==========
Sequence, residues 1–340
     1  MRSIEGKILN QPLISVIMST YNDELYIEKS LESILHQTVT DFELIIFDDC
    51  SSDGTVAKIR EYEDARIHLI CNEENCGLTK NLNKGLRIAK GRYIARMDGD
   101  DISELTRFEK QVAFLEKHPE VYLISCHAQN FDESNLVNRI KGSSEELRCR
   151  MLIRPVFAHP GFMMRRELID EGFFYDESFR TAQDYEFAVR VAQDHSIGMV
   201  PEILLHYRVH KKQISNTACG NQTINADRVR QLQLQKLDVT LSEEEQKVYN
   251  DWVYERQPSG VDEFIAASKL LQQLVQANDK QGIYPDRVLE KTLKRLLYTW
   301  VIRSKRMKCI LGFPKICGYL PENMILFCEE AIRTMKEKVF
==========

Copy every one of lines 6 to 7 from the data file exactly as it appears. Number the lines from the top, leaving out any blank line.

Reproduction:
   201  PEILLHYRVH KKQISNTACG NQTINADRVR QLQLQKLDVT LSEEEQKVYN
   251  DWVYERQPSG VDEFIAASKL LQQLVQANDK QGIYPDRVLE KTLKRLLYTW